“Compelled cooperation between rivals contradicts antitrust law’s goal of encouraging competition, and courts are ill-suited to policing the rare exceptions to the general rule,” the company says. “The Seventh Circuit’s expansive approach to refusal-to-deal liability upends this court’s intentional limits on such claims.”
The suit accuses Comcast of leveraging its control over its “interconnect"—a regional clearinghouse for TV advertising availabilities—to force a boycott of Viamedia, its sole competitor in the market for ad placement services in Chicago, Detroit, and Hartford, Conn.
Comcast also refused to let Viamedia use the interconnect at all, the suit says. The “tying” tactic and outright refusal to deal allegedly combined to drive Viamedia out of the three regional markets.
After a federal judge in Chicago threw out the case in 2018, a divided U.S. Court of Appeals for the Seventh Circuit revived it in February.
Although even monopolists generally have no “duty to deal” with competitors, they can’t end a profitable business relationship without any justification other than harming competition, the Seventh Circuit said in a 141-page ruling.
The court also let Viamedia move forward with its allegation that Comcast illegally forces advertisers to use its ad placement services if they want access to its interconnect.
One judge dissented from the part of the ruling that resurrected the tying claim, but the refusal-to-deal reasoning was unanimous. The full appeals court later declined to reconsider the case.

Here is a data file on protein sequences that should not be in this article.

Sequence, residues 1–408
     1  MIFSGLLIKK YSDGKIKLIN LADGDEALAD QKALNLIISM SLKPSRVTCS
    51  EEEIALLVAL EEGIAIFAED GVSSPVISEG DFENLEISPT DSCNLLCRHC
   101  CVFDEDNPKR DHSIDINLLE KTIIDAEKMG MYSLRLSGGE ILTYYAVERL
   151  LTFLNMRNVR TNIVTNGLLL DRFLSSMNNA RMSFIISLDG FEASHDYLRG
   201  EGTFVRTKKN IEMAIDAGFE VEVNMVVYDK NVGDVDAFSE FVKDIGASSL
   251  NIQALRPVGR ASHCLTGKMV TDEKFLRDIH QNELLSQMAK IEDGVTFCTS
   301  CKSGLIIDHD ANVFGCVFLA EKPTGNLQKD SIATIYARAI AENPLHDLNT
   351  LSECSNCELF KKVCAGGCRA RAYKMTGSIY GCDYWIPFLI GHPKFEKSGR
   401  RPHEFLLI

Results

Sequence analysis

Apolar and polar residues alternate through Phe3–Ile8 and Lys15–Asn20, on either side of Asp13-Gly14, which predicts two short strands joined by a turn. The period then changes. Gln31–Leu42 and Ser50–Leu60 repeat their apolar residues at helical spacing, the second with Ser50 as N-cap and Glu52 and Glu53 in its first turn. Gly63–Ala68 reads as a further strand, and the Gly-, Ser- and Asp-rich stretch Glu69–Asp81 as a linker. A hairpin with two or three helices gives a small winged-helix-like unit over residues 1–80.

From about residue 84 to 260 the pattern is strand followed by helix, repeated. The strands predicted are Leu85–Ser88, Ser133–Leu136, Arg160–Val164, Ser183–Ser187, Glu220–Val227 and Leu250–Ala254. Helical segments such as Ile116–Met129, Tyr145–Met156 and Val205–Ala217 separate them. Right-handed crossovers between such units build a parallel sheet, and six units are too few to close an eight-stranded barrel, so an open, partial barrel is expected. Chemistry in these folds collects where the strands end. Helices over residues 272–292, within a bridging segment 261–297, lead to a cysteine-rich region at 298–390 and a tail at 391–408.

Comcast, in its Supreme Court petition, blasts the Seventh Circuit for seeking to “revive an antitrust theory that this court put to rest.”
The appeals court effectively rejected Comcast’s argument that “cutting out the middleman” for the sake of efficiency was enough of a reason to end its contracts with Viamedia, according to the petition.
The result was a new “balancing” test in place of the well-settled rule that “a legitimate business purpose for a refusal to deal with a rival precludes liability as a matter of law,” because companies “are almost always free to choose with whom they do business,” Comcast says.
Moreover, the “tying” decision would let plaintiffs “repackage” a “justified refusal to deal as illegal tying,” the petition argues.
Both parts of the ruling flout Supreme Court precedent and conflict with other circuit decisions, according to the petition docketed Sept. 10.
Comcast is represented by Gibson, Dunn & Crutcher LLP, Davis Polk & Wardwell LLP, and Jenner & Block LLP. Viamedia was represented in the lower courts by Richard J. Prendergast Ltd. and Kellogg, Hansen, Todd, Figel & Frederick PLLC.
The case is Comcast Corp. v. Viamedia Inc., U.S., No. 20-319, petition for cert. filed 9/10/20.